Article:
Academics and students have not escaped similar fates. On July 28, 2020, The University of Hong Kong (HKU) fired pro-democracy activist Benny Tai from his tenured position as a professor of law. Eight students were arrested on December 7, 2020 for participating in a peaceful protest at the Chinese University of Hong Kong the prior month. Three of those were charged under the security law with “inciting secession.” Professors at the Chinese University of Hong Kong were pressured to resign and turn themselves in to the police after being accused of participating in and supporting protests. These events are a startling departure from Hong Kong’s long-standing respect for academic freedom and are only a few examples of the alarming degradation of academic independence in the region. The law also chills the exercise of free speech and academic freedoms by scholars outside of Hong Kong who might be at risk if they were to enter Hong Kong or mainland China.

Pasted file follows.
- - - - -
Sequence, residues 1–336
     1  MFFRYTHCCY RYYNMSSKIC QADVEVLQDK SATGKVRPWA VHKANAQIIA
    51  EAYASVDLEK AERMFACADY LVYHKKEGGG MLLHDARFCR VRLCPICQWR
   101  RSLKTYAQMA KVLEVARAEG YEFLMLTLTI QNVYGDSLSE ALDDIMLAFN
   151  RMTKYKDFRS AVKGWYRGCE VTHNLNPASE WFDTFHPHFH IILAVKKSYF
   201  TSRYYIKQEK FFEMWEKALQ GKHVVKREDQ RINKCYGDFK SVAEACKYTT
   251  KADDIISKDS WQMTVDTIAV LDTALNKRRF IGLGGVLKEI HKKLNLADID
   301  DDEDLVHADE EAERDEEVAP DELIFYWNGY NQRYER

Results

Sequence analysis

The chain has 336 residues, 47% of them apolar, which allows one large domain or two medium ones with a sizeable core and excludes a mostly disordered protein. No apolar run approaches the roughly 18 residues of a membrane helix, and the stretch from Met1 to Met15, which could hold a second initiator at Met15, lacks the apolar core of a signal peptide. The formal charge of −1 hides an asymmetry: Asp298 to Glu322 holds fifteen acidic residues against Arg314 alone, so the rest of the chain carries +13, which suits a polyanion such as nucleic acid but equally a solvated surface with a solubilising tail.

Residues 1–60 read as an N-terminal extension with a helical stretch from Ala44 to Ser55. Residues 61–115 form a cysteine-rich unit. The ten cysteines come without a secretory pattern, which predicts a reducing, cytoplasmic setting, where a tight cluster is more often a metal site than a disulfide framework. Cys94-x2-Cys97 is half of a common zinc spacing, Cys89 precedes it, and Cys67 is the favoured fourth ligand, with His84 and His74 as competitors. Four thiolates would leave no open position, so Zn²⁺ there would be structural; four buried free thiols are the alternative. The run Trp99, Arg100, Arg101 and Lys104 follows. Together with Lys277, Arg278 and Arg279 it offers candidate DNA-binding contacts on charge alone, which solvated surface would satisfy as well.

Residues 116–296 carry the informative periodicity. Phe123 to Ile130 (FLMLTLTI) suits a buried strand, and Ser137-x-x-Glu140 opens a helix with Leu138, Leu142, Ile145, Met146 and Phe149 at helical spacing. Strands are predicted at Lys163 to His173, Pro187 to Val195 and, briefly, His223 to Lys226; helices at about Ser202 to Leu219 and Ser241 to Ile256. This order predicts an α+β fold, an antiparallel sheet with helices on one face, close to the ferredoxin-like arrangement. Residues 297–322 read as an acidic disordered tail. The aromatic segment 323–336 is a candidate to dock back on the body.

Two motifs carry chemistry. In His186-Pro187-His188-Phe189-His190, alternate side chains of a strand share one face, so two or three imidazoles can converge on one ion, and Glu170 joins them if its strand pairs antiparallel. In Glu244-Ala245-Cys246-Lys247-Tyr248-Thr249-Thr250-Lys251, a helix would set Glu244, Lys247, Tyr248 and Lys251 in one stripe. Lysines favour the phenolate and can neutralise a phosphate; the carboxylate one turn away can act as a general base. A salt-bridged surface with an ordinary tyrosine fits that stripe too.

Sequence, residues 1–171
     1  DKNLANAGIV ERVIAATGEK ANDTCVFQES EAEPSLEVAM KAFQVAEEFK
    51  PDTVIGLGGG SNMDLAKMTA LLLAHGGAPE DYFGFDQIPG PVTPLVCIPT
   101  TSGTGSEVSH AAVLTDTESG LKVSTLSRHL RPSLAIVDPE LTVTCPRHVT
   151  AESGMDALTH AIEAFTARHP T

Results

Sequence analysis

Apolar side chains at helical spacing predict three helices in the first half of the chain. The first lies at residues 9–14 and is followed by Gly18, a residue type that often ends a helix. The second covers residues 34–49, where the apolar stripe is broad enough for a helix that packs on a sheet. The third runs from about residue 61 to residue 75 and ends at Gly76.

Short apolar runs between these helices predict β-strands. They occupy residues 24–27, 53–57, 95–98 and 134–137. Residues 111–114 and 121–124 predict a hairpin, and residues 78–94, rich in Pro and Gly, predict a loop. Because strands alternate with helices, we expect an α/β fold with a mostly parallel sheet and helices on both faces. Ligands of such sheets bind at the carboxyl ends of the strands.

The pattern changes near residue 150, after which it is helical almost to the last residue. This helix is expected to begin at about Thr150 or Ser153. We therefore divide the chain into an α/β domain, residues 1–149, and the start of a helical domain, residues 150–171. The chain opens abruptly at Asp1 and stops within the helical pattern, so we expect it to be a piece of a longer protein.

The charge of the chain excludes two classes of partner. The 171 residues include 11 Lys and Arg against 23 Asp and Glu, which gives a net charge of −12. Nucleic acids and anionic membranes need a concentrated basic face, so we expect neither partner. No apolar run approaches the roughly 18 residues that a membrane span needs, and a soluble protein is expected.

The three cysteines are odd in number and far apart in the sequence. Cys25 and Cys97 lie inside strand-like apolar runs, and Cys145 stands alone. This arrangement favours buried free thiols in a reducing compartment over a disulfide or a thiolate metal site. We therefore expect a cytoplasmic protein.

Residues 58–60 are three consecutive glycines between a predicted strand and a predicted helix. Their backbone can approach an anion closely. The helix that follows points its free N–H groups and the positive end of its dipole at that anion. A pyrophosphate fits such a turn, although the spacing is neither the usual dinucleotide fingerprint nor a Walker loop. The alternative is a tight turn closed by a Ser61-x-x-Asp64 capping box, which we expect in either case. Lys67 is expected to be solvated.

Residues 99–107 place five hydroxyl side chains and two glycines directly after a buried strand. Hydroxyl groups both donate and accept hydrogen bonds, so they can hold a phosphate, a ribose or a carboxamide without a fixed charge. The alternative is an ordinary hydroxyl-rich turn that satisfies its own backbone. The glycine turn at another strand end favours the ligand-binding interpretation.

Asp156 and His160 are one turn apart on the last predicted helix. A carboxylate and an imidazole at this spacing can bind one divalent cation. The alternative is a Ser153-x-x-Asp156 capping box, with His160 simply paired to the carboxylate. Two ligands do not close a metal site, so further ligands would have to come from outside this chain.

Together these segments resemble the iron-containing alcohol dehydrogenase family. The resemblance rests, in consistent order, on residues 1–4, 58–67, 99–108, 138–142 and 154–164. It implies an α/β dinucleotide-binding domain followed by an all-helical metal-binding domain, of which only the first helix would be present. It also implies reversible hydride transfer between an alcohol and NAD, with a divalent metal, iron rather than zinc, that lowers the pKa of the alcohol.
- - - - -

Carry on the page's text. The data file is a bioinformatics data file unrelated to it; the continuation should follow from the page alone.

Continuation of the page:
Response by Hong Kong Residents and the International Community
Many Hong Kongers have decided to leave the region. Observers estimate that hundreds of thousands have emigrated from Hong Kong since June 2020, mostly to the United Kingdom. The Hong Kong government reacted by passing a new immigration law granting immigration authorities the power to prevent people, without a court order, from entering or leaving the city. This law further violates the Sino-British Joint Declaration’s protection of free movement and mirrors “exit bans” that are often used against dissidents in mainland China. Residents who stay are becoming less confident in Hong Kong’s democracy, rule of law, and stability.
Western powers have resisted the anti-democratic tide in Hong Kong with scathing rhetoric and significant policy enactments. Britain, the United States, Canada, Australia, New Zealand, Germany, Finland, the Netherlands, and Ireland all suspended extradition agreements with Hong Kong for fear that detainees would be forwarded to mainland China’s judicial system.